Pacemaker

Prosecutors will be able to use a man’s pacemaker data against him

This is believed to be the first case of its kind.

Pacemaker

Pacemaker

Prosecutors will be able to use a man’s pacemaker data against him

This is believed to be the first case of its kind.

A Middletown, Ohio man charged with arson has lost his battle to keep his pacemaker data from being used against him in court. Prosecutors say that the story told to police by Ross Compton, 59, doesn’t match the heart rate data obtained from his pacemaker with a warrant.

“As far as I can tell this is the first case that I can find that relates to the police obtaining a search warrant for pacemaker data,” Jon Marshall, Assistant Butler County Prosecutor said in court Tuesday.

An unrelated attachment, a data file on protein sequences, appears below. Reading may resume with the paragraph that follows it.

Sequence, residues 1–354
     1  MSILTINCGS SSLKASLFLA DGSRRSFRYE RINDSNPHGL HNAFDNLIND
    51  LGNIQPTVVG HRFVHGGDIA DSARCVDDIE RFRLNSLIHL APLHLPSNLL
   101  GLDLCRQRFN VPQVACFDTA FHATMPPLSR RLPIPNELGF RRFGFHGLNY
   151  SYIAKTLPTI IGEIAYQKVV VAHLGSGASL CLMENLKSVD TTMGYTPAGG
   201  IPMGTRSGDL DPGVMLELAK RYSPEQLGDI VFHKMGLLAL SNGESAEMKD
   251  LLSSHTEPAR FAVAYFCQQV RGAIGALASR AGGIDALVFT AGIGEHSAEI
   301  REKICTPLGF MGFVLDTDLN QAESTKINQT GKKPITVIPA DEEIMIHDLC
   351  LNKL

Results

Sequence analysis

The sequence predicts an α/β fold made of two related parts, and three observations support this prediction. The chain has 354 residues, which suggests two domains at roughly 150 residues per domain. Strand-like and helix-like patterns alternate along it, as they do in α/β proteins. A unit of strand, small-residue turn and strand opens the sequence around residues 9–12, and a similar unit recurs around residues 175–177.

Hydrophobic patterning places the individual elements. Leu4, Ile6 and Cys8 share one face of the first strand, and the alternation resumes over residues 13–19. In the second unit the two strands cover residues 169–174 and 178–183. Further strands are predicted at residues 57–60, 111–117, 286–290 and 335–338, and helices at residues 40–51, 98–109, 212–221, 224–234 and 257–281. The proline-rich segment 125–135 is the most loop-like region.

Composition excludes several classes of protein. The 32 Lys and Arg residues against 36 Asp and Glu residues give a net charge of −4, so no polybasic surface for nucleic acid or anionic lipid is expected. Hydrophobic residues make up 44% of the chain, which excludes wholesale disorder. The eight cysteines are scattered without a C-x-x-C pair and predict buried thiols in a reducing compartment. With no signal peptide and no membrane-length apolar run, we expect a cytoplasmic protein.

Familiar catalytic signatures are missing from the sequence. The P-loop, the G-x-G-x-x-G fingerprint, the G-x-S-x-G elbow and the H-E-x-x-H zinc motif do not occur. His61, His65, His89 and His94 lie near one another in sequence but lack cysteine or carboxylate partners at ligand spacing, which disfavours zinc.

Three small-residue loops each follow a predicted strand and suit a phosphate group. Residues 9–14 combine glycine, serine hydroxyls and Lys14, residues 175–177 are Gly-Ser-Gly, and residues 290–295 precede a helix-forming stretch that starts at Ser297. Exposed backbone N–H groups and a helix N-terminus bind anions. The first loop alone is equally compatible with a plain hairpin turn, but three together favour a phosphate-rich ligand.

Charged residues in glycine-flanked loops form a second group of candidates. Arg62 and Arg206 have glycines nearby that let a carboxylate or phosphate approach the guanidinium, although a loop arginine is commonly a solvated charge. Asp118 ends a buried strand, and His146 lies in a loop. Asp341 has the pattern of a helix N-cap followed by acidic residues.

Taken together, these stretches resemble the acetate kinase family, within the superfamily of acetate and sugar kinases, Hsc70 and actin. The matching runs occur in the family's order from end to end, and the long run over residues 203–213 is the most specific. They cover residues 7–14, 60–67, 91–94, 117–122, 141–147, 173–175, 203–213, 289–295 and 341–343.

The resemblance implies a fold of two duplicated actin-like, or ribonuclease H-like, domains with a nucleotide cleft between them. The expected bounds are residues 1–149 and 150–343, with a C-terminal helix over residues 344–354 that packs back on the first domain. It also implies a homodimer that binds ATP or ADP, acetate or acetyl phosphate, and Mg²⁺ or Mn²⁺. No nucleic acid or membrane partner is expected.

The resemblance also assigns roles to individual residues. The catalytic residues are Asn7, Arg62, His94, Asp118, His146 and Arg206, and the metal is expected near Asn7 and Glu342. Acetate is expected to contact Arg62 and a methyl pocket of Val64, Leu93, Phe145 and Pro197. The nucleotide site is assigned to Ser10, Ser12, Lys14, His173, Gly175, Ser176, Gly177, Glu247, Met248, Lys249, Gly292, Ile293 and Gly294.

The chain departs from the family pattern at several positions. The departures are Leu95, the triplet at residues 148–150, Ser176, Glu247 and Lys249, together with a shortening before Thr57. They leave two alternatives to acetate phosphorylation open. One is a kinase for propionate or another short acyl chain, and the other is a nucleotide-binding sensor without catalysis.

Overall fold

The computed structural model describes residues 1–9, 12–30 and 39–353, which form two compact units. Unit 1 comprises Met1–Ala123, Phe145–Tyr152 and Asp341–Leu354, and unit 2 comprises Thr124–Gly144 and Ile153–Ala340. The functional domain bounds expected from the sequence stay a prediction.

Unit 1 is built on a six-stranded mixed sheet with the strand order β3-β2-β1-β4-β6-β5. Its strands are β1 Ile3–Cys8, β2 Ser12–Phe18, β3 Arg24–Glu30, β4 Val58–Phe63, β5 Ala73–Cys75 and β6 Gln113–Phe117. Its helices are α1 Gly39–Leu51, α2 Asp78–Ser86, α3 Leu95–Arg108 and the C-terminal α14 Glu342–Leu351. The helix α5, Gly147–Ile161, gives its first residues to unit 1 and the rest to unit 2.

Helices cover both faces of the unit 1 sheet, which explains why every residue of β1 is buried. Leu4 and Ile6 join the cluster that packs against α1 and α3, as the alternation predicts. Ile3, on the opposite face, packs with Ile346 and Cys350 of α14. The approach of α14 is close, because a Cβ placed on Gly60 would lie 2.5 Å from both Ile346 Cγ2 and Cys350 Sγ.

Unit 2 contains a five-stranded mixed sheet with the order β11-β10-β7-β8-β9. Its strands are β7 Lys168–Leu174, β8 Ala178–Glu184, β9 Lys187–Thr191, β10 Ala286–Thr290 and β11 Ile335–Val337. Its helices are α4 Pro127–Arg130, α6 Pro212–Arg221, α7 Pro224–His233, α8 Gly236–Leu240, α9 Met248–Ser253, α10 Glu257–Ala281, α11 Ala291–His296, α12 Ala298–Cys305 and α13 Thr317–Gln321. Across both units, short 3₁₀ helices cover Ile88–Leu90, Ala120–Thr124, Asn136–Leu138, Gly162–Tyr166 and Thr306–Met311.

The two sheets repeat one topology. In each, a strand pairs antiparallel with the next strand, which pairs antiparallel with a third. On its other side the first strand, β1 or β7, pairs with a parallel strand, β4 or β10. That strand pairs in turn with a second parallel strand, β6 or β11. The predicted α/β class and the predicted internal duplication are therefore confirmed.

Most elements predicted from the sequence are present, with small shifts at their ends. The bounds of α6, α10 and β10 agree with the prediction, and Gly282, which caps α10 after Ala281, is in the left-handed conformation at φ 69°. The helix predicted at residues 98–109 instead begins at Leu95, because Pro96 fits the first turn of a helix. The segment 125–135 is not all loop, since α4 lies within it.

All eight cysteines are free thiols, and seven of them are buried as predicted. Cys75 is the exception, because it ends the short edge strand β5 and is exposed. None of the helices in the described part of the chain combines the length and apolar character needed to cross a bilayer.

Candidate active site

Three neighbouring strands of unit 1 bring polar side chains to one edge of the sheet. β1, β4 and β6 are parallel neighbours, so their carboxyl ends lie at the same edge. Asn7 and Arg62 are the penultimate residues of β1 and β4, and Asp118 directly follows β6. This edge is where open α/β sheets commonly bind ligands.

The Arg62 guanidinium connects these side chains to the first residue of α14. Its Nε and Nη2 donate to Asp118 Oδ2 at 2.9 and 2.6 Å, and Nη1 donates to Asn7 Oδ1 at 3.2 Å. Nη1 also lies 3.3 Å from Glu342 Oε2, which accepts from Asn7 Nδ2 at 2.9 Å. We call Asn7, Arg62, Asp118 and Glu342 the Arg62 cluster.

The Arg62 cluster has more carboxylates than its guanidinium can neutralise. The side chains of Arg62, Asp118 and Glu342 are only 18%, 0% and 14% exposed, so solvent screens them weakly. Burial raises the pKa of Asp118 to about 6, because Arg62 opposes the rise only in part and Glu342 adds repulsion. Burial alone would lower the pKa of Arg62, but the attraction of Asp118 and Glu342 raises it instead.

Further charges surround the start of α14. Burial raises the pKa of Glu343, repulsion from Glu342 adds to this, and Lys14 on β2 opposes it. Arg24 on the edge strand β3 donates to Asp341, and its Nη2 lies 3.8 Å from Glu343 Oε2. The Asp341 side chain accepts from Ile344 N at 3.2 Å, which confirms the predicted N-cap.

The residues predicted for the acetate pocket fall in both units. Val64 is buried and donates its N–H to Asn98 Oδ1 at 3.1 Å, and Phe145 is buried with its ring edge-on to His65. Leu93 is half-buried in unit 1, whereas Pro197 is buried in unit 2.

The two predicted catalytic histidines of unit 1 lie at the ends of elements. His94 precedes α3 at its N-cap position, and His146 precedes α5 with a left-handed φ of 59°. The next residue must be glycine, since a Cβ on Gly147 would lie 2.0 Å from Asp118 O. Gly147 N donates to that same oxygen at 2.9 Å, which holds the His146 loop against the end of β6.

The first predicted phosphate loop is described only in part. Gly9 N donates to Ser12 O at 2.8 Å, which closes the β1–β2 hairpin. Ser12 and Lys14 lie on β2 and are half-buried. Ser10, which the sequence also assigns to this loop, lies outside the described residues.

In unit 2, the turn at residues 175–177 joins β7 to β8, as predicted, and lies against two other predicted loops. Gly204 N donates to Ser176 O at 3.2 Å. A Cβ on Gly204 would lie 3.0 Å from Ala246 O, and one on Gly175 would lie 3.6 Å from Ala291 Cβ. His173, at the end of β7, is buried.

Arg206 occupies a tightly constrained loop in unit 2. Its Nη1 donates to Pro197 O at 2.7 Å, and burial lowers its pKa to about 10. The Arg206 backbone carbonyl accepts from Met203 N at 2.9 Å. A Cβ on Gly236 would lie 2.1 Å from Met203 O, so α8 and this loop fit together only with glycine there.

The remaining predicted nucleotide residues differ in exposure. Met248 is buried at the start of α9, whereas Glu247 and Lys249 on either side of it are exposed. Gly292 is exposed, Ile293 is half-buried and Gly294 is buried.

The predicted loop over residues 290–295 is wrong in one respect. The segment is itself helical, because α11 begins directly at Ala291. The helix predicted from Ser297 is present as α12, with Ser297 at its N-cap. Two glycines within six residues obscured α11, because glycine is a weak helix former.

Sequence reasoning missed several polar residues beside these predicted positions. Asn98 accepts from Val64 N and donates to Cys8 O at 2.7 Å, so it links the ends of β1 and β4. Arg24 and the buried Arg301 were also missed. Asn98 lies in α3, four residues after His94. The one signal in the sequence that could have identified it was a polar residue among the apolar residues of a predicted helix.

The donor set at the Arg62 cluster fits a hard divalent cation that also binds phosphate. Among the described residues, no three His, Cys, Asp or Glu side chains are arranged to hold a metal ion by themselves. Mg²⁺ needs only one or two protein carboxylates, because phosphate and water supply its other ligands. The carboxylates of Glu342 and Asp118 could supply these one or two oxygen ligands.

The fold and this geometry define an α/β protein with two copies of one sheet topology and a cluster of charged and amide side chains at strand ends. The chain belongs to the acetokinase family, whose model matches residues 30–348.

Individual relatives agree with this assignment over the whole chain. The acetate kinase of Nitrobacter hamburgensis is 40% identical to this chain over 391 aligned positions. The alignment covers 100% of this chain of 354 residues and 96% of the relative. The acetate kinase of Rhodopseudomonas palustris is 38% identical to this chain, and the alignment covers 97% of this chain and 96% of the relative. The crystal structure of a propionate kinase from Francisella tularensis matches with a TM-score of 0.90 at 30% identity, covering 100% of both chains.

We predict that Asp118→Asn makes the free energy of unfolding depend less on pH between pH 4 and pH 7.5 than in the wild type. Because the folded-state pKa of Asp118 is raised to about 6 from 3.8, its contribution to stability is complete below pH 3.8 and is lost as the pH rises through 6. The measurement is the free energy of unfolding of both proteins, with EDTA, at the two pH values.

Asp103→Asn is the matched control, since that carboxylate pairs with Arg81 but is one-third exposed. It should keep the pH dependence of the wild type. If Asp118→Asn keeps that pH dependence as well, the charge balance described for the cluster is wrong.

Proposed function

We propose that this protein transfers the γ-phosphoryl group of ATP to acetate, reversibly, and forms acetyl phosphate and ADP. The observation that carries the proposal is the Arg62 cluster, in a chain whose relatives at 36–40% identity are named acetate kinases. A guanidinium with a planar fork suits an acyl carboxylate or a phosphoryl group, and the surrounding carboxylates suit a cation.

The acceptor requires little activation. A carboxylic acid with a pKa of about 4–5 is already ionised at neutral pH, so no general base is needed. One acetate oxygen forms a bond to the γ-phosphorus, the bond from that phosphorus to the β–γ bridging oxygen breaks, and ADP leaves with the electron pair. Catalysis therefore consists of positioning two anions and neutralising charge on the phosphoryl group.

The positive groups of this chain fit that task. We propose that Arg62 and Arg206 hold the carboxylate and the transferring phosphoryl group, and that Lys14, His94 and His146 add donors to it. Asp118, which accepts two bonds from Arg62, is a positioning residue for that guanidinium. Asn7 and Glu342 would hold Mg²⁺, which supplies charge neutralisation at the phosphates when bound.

Compton’s story is that he awoke to find a blaze in his house, quickly packed a suitcase that he then threw out a window, and then left the house to get the suitcase and get to his car. According to court documents, a cardiologist who reviewed the pacemaker data said “it is highly improbable Mr. Compton would have been able to collect, pack and remove the number of items from the house, exit his bedroom window and carry numerous large and heavy items to the front of his residence during the short period of time he has indicated due to his medical conditions.” The September 2016 fire at Compton’s home caused almost $400,000 in damages according to local news outlet Journal News.

Macallan Rare Cask

“There is a lot of other information about things that may characterize the inside of my body that I would much prefer to keep private rather than how my heart is beating,” Judge Charles Parter said in his decision.